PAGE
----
I may earn money or products from the companies mentioned in this post at no additional cost to you. Thanks for helping me support my family!
“When people talk, listen completely. Most people never listen.”
I would say the most curious thing about what I’ve observed from other parents in a public space is their unwillingness to listen to their children. This isn’t exclusive to a child throwing a tantrum because they aren’t getting a toy or cookie or whatever object their desire might be. I’ve noticed it when children are scared, when children are upset, and so on and so forth. I’ve watched parents drag terrified kids out by their wrists, or scold them for even displaying fear. Hell, I’ve watched parents act like it was some affront to their own person that their child had their own emotions on display.
One of the biggest lessons I have had to learn, and I have to constantly remind myself of, is that kids aren’t some analog to a pet that drain your wallet for 25 years and then suddenly have a college degree and a house. They aren’t terriers that back sass, they’re little people. One day, the little person grows into a big person, and they take the many broken pieces we create in their childhoods through the rest of their lives.
So why then, are so many people contented to just further break? You have the means to help glue and piece things back together, so why use a hammer?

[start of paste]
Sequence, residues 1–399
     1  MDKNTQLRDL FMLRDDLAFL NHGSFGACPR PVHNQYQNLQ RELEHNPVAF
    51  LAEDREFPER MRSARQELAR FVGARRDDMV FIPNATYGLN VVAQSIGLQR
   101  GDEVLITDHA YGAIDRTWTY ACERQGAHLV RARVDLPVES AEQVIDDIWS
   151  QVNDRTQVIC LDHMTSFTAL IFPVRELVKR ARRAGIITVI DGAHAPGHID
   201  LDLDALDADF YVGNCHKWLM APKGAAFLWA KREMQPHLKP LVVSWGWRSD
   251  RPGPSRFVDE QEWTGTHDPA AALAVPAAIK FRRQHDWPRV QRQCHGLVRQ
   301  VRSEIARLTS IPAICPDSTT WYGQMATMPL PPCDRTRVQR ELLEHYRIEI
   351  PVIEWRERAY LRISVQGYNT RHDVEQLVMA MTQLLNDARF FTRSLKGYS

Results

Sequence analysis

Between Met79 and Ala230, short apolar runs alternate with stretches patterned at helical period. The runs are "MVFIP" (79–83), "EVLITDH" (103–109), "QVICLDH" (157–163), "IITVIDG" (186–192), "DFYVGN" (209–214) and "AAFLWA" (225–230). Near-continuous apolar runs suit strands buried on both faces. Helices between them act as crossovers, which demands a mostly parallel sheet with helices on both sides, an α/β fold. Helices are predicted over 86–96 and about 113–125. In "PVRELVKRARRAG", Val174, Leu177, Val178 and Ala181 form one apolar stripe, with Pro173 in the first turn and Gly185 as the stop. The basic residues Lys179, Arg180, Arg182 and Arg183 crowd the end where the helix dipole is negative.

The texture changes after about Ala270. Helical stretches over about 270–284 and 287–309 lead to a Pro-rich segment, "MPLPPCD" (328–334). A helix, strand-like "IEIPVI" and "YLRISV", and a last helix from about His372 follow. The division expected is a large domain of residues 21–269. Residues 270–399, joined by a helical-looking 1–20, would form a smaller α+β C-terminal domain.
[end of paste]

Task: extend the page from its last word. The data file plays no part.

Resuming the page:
I don’t rightfully have a good answer for it, what it is to see what life does to us and the choices many parents make without thinking of the longer lasting implications.
I know when my children speak, even it is just the cooing utterances of my infant, I try to listen. Even if it is a silly fear, even if it is something so banal as not wanting to chew on bacon, I do try to listen. I suppose that is the thing deep at Hemingway’s little quote preceding this. Hemingway, for those uninitiated in American literature’s drunken uncle, was a man who was never quite listened to by his own parents or peers. The deep seated depression which would kill his father, was something that would ultimately come back in his own life to strike him down. In the hundred years or so since his birth, I think there are many lessons we can take from how we listen to people, especially our own children.
You just need to listen, that’s all.
(Written by my husband, Liam)